John1701a, you and I will never get along but I do have to say the Prius II is capable of a hell of a lot more FE then any non-hybrid other then maybe a SMART .6 L Diesel with acceleration rates measured using a sun dial. A public apology to you is in the offing in regards to what it is capable of although your own FE needs a lot of improvement when promoting the Prius II as you do imho … With that, the EPA has posted that the 01 - 03 Prius was only available as a ULEV-I throughout most of the country? I have to wonder if someone didn’t make a mistake when posting that info on their own website? Either way, consider an alternative view point where emissions are concerned as even the AT-PZEV based Prius II is a dirtier vehicle then some non-hybrid PZEV’s that some of us do in fact own.

    Dewey, the 5-speed MT based 06 Civic is EPA rated lower then its Auto based counterpart. I bet its 5th gear is shorter then the Auto but I have yet to see the actual specs from Hondanews or ToV.

    Good Luck

    Wayne R. Gerdes
  • Oops. Another screwup. There aren't any Priuses on the lot...
  • And who's the addict??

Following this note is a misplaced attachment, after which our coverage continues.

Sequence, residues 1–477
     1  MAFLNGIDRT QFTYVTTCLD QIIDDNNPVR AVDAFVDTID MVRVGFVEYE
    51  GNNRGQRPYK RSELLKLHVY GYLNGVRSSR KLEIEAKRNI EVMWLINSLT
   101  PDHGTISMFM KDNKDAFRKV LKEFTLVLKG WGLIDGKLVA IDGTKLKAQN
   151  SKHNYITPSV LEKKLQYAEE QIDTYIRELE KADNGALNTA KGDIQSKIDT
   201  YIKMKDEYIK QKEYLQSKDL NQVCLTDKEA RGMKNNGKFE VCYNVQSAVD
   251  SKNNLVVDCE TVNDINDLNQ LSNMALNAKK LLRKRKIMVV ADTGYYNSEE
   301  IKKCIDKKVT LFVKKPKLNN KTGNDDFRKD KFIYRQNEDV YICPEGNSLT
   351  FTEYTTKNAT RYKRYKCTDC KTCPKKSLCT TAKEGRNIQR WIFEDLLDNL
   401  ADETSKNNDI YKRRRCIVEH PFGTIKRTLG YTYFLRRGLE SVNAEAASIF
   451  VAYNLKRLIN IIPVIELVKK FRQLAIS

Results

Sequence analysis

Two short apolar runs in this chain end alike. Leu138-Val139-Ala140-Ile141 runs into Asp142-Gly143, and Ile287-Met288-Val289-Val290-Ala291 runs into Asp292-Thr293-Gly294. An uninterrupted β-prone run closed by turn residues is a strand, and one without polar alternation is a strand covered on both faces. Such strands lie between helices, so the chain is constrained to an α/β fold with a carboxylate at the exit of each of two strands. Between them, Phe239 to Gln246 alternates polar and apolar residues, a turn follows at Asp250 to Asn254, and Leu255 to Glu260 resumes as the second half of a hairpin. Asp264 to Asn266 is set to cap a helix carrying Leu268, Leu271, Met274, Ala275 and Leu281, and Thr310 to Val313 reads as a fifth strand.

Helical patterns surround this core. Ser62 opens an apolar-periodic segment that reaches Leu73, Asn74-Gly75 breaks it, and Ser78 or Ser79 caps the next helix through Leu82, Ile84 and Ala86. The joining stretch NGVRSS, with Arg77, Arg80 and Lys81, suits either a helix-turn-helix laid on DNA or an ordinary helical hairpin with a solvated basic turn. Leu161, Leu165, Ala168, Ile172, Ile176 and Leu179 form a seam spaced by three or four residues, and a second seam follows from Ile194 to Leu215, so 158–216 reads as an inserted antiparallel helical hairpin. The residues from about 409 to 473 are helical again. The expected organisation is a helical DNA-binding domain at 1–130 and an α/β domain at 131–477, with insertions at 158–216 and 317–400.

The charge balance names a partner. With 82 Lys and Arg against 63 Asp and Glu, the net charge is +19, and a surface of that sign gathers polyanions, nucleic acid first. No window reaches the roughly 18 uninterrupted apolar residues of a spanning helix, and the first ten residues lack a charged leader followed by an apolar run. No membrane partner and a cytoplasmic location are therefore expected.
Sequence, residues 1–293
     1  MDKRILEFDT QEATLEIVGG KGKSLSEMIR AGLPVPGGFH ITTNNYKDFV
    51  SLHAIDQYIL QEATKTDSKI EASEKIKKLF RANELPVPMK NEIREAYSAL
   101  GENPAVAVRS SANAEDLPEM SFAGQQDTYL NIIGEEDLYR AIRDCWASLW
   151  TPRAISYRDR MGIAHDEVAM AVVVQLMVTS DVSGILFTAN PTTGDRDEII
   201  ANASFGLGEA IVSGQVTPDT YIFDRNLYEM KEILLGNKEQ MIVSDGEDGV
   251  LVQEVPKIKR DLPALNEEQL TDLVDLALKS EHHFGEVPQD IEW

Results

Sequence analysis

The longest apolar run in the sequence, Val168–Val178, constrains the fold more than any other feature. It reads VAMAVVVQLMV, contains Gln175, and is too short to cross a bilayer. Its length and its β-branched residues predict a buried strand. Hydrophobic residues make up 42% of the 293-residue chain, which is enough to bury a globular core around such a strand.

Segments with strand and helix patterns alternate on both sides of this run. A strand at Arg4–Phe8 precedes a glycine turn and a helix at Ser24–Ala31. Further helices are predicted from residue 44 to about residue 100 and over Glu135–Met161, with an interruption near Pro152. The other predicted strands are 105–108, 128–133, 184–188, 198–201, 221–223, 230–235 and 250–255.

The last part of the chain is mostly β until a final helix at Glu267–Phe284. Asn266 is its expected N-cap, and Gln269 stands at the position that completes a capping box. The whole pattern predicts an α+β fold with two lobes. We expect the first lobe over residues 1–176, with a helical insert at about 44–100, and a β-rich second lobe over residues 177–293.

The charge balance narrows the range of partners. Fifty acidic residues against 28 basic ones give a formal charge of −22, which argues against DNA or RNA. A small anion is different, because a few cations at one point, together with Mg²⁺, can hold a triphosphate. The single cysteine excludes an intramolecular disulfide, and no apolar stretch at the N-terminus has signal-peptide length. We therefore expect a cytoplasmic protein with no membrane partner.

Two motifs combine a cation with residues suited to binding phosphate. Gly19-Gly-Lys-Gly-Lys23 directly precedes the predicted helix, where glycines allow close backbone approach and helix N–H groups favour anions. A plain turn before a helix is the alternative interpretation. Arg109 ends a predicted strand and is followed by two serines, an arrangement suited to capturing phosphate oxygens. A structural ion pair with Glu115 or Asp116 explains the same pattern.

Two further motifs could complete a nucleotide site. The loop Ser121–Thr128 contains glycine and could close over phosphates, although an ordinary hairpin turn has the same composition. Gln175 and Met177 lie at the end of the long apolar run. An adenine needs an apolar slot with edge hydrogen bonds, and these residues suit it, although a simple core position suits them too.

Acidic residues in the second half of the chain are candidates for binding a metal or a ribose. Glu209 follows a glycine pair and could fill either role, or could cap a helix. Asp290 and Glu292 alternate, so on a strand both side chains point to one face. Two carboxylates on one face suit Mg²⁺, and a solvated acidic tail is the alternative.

• moparbadmoparbad Posts: 3,842
    hybrid mpg
    While the EPA rated the Honda Civic hybrid at 47 miles per gallon in the city, consumer reports got just 26 miles per gallon. The EPA rated the Toyota Prius at 60 miles per gallon in the city.

    "We actually got 35, so it's a big difference," says Champion.


    Consumer Reports obtained 26 mpg. Send your complaints to CR.
  • moparbadmoparbad Posts: 3,842
    So – for substantially less than the Prius’s $21,275 sticker price, you get a car that while smaller in stature, offers equivalent mileage, similar utility, all the regular safety & comfort features, and a simple and easy-to-maintain drive-train.
    Jazz vs. Hybrid
This discussion has been closed.